7. Renewable-energy tax credit

If you’ve installed equipment that uses renewable sources of energy, such as the sun and wind, to help power your home, you may be eligible for the Renewable Energy Efficiency Property Credit. There are also specific federal tax credits that expire December 31, 2021 primarily for water solar panels the requirements are that it must come from at least half of the energy generated by the “qualifying property” must come from the sun.  The system must be certified by the Solar Rating and Certification Corporation (SRCC) or a comparable entity endorsed by the government of the state in which the property is installed. For more information on this you can go to Energy Star. You can also go directly to the I.R.S. site and look at the exact deductions that can be made.

8. Ground rent

There are rare situations in the U.S. for homeowners where the original owner still owns the land under your house after you’ve bought it, and you own the above ground property and “rent” the ground from the owner. The “ground rent” option reduces the cost of the home since you’re not buying the land. The IRS lets you get a break for this situation and thus “ground rent” amounts can be deducted if you have been paying the rent monthly or annually, so long as the lease is for more than 15 years. However, if you’re making a payment to capitalize the ground rent, to buy out the lessor’s interest to get out from under it every year, that payment isn’t deductible, the IRS says. There are certain items you can deduct for ground rent.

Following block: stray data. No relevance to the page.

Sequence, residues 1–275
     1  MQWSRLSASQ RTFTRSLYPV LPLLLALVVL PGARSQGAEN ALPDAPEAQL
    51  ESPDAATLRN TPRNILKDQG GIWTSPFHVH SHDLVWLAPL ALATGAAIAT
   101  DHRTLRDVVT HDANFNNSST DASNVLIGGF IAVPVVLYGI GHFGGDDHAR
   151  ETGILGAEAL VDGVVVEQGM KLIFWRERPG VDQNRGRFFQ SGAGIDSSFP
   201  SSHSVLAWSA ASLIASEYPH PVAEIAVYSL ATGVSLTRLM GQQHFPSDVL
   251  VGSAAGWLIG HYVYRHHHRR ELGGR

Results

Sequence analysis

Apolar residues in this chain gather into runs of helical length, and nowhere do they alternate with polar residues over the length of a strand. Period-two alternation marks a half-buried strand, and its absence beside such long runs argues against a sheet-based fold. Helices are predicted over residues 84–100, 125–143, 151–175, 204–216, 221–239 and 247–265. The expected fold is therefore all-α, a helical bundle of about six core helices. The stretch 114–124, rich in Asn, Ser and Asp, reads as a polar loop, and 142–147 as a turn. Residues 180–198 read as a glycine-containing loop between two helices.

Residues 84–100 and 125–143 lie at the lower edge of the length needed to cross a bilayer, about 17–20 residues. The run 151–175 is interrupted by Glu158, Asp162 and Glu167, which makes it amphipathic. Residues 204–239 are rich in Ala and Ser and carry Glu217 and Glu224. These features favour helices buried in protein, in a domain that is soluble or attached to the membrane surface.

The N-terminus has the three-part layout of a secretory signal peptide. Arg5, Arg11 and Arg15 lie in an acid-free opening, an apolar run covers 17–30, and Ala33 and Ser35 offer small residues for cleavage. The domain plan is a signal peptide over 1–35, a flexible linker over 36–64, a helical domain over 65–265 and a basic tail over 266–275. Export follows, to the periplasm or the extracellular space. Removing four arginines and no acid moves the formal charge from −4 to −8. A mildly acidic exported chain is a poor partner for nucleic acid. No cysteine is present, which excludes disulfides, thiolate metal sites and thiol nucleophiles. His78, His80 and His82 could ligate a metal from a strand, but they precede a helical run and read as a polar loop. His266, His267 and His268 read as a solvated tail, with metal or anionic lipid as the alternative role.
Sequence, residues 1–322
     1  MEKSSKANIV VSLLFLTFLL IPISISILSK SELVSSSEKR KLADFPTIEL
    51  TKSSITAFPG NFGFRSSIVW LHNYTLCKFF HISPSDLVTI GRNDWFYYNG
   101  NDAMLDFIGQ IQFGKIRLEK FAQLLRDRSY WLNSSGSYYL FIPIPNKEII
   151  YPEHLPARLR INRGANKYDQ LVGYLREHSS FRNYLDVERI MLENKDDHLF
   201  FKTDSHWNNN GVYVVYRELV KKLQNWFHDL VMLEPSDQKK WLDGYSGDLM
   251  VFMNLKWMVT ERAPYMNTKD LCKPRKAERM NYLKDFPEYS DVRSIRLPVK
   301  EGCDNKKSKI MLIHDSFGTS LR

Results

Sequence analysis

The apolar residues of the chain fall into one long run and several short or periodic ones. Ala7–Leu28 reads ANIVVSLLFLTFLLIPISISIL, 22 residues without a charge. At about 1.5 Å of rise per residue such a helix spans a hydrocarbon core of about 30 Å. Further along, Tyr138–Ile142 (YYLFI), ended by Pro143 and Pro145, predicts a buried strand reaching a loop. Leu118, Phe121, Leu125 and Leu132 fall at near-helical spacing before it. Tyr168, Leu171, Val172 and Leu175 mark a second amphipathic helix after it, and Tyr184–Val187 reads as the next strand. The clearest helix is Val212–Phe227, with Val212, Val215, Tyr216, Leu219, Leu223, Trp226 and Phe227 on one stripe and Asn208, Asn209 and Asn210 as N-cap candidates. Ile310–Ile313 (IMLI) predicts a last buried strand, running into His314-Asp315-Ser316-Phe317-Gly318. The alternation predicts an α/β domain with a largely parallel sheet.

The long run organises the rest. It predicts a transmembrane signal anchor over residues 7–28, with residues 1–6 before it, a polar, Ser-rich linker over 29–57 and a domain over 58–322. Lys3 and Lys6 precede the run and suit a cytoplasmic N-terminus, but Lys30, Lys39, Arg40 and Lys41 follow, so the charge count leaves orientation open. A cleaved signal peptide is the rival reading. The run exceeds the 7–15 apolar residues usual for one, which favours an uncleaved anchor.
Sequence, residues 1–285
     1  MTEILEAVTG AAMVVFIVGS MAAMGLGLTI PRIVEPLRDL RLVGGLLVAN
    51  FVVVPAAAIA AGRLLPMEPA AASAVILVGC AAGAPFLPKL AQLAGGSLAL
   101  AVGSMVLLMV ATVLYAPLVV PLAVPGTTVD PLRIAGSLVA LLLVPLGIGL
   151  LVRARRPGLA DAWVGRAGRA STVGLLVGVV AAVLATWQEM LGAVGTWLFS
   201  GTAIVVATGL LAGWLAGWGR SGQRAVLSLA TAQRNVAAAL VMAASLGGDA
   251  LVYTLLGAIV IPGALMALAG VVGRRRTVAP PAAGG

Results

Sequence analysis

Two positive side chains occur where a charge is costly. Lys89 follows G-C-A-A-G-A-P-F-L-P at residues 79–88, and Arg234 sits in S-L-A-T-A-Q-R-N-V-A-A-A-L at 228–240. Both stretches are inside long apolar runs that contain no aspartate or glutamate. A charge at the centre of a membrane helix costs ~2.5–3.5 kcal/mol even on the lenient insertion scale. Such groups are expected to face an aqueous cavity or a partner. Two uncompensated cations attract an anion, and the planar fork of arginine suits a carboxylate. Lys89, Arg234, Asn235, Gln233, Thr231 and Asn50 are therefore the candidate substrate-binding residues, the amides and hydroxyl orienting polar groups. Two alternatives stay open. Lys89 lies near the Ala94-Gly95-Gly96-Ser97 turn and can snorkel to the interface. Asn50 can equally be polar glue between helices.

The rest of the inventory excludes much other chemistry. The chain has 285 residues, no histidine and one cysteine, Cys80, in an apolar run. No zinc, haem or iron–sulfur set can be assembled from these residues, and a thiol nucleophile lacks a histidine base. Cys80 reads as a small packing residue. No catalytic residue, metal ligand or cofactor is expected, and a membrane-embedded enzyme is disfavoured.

9. Income and interest on reverse mortgages

The IRS considers reverse mortgages as a loan advance not income, so the amount you receive isn’t taxable. But the interest accrued on a reverse mortgage isn’t deductible until the loan is paid off, so you can’t take a deduction each year for the interest as you might with the traditional mortgage interest you pay. Any interest (including original issue discount) accrued on a reverse mortgage is not deductible until you actually pay it, which is usually when you pay off the loan in full. For more go to here.